Wednesday, May 2, 2012

Inside View of FamilySearch Indexing the 1940 Census

Thomas McGill gave an insider’s view of FamilySearch indexing in a presentation to the Utah Genealogical Association (UGA) on 19 April 2012. The presentation was hosted by UGA president, Janet Hovorka (“the Chart Chick”).

Thomas McGill's indexing presentation to UGA

McGill shared internal information about FamilySearch’s indexing work. Prior to the release of the 1940 census, FamilySearch set a number of goals.

FamilySearch planned to have one or more indexing projects available by 6pm on 2 April 2012, the day they received the images. They exceeded this goal with five states live by 4pm. They had all states live by Friday, 13 April.

FamilySearch hoped to have all images published by 17 April and beat the goal by five days.

FamilySearch set the goal to have the entire census indexed in six months. To meet that goal, volunteers will need to index about 30 million names a month and arbitrate about 15 million. If indexing rates continue, the project may not take the entire six months. From April 2 to 19 volunteers indexed 41 million records and arbitrated 19 million.

McGill said that FamilySearch has a concern.

FamilySearch Active Indexers and Arbitrator GrowthHe showed the graph to the right. It shows the number of active indexers (in blue) and arbitrators (in red) since July 2011.

He explained the saw tooth as a weekly pattern that peaks each week from 6pm Sunday evening to 6pm Monday evening.

He said the big dip was Christmas day and pointed out that since then FamilySearch has had even, healthy growth in the number of indexers. That growth accelerated with the release of the 1940 census.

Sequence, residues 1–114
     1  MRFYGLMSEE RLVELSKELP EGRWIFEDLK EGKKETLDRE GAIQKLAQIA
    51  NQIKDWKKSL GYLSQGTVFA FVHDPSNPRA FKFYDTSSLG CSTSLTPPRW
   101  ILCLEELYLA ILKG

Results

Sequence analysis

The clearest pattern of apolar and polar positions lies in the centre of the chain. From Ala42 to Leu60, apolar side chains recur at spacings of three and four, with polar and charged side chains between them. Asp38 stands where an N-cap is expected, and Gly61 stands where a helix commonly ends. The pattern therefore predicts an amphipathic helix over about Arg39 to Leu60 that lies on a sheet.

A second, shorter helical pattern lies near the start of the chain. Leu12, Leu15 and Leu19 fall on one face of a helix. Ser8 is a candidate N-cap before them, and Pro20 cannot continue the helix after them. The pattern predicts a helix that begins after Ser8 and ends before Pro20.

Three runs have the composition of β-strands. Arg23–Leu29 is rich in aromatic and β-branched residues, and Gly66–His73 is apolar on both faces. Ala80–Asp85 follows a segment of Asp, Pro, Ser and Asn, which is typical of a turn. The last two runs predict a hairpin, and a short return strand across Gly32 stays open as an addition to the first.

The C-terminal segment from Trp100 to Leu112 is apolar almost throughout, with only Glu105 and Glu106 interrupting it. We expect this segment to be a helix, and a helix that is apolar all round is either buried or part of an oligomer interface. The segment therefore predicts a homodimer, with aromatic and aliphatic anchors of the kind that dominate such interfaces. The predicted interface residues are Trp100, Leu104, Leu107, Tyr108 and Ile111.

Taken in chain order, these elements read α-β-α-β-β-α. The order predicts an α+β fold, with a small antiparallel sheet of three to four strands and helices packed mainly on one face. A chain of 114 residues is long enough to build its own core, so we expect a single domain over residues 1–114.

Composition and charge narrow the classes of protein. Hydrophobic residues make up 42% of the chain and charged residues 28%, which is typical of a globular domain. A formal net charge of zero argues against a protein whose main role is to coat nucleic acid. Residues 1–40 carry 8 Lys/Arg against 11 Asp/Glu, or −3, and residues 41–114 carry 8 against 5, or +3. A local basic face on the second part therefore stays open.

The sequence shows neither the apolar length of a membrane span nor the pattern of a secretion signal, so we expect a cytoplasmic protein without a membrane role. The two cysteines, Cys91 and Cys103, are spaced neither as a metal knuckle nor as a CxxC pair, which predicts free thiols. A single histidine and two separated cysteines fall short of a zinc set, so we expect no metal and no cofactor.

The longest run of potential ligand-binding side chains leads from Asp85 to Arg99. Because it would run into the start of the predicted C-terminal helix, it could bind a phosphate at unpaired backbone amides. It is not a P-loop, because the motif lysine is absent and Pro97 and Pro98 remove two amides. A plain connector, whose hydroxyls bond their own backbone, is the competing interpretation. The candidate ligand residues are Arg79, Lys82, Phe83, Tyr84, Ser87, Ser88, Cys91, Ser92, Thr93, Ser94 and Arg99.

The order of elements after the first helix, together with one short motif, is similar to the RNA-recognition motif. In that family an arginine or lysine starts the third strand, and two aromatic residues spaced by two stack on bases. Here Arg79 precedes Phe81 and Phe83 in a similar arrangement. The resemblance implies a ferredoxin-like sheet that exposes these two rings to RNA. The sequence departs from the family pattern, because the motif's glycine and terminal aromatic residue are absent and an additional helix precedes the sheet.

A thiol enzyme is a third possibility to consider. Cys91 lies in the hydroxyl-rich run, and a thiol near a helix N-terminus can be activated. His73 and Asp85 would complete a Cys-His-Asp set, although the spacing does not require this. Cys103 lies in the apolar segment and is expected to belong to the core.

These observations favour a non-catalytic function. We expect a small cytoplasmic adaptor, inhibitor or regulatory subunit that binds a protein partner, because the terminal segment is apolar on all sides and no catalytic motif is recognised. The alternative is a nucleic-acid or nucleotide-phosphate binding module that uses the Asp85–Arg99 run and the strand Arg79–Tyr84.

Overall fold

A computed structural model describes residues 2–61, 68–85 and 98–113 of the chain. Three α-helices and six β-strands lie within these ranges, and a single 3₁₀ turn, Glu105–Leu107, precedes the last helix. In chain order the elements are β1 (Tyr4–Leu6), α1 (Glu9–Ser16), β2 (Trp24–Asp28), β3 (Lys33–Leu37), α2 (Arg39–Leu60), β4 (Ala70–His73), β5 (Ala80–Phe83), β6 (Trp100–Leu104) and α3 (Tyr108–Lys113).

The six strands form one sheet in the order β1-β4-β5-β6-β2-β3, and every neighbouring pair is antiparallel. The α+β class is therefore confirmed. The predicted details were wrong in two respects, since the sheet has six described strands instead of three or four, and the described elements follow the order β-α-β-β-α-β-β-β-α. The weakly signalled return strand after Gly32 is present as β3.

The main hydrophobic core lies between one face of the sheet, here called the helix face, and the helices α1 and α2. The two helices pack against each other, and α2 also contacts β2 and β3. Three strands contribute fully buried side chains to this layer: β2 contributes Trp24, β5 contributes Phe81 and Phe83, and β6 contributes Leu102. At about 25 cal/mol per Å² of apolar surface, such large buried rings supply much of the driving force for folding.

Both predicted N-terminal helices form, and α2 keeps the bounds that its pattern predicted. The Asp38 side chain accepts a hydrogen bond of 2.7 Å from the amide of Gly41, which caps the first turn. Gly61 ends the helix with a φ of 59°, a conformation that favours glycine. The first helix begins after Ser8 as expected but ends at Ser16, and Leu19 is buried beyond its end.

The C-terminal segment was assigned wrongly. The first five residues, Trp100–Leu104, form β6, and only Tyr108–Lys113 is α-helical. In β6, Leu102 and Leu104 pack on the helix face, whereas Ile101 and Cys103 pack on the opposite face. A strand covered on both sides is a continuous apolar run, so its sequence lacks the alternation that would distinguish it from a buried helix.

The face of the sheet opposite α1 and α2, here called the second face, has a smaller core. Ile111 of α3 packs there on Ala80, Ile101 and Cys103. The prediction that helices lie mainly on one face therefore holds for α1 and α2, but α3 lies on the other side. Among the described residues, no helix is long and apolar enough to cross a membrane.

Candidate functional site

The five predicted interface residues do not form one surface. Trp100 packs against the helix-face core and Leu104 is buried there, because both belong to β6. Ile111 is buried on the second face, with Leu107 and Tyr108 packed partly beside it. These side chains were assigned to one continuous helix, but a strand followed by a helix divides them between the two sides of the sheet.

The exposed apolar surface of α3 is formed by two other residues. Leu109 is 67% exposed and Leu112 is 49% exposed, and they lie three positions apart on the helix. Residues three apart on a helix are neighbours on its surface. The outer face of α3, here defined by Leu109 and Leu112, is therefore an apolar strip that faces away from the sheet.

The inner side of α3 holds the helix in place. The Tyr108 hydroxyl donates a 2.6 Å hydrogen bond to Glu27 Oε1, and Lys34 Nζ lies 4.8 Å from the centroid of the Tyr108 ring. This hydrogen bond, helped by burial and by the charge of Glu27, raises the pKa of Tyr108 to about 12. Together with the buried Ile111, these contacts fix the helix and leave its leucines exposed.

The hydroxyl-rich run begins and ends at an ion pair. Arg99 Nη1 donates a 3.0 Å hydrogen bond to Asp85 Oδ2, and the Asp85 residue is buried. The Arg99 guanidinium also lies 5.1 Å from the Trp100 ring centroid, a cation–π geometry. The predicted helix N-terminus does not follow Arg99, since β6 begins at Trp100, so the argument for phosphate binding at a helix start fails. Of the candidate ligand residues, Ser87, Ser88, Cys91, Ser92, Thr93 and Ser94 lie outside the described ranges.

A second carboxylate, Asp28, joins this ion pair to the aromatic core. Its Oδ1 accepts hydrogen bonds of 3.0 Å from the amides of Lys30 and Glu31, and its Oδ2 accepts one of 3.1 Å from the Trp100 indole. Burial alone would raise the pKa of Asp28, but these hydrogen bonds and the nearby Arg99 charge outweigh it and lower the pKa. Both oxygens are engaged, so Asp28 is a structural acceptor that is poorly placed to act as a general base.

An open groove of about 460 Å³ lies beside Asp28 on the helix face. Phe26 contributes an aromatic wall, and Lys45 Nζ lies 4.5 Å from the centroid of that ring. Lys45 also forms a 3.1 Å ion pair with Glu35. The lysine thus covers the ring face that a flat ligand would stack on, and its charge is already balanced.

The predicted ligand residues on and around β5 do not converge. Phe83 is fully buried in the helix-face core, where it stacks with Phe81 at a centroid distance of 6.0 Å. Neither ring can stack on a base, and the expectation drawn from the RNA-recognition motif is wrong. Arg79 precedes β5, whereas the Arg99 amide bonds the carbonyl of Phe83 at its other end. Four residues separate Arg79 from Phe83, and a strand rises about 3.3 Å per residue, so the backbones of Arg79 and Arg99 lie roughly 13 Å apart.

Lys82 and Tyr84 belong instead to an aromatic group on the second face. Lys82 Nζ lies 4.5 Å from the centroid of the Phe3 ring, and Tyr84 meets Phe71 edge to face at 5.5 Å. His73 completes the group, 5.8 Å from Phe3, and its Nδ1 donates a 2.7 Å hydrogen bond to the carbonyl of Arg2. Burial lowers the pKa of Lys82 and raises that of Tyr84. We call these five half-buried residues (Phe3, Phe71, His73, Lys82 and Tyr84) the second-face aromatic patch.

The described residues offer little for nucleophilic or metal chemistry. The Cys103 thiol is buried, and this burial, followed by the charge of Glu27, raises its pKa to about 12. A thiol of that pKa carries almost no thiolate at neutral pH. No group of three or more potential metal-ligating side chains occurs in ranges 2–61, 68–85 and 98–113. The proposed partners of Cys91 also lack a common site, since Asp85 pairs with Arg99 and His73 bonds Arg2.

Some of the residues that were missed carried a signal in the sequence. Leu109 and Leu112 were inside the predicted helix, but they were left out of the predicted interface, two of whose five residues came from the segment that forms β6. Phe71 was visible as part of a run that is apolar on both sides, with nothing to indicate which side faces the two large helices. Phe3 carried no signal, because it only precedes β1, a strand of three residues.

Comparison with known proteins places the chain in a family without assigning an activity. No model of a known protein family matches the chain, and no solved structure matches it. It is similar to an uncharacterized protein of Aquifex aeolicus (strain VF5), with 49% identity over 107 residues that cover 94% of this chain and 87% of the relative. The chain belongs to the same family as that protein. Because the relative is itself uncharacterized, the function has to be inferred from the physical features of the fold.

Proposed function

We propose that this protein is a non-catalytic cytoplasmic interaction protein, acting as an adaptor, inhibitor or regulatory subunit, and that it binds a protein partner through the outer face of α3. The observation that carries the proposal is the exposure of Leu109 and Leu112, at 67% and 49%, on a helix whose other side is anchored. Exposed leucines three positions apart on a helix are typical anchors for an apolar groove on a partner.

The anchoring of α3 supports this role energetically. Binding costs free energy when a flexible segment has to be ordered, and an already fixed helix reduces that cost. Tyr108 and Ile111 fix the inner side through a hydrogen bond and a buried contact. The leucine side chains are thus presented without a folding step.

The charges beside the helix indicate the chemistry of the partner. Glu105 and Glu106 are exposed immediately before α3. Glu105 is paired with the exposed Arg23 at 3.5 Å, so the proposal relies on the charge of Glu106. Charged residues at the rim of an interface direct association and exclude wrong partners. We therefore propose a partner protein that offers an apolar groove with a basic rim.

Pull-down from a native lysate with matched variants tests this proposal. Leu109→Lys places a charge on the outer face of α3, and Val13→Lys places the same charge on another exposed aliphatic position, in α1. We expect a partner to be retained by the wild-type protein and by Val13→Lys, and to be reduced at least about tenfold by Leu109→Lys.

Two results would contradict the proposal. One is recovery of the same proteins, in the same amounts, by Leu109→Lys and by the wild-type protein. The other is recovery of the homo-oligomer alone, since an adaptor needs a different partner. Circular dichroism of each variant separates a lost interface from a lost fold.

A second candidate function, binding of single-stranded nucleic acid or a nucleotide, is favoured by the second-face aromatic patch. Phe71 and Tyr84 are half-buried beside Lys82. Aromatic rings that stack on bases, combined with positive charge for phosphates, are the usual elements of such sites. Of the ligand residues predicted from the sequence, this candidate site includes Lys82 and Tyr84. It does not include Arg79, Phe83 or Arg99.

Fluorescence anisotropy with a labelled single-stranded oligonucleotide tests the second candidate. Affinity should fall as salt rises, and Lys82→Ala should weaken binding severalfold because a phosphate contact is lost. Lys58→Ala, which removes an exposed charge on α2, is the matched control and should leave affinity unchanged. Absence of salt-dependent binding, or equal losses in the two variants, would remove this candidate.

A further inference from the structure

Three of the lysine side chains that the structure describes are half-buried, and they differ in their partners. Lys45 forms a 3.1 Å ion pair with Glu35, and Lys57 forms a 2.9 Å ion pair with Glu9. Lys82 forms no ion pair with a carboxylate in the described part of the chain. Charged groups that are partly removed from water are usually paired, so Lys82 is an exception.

The same is not true for the growth of arbitrators as shown by the red line. “We are beginning to fall behind on arbitration,” he said and noted that there are lots of experienced indexers who could be good arbitrators.

Arbitration is necessary because FamilySearch uses dual keying. Each batch of records is sent to two indexers. If the two indexers specify different information, as might happen with a hard to read name, then the batch is sent to a third person, an arbitrator, to examine the discrepancy and choose a value.

In closing, McGill urged attendees to consider becoming arbitrators. To become an arbitrator, contact your group administrator (or your stake indexing director if you are a member of the Church of Jesus Christ of Latter-day Saints) and ask to be given arbitration rights. To see the name and contact information of the person you need to contact, run the FamilySearch Indexing application, click on Help, and then click on Local Support.

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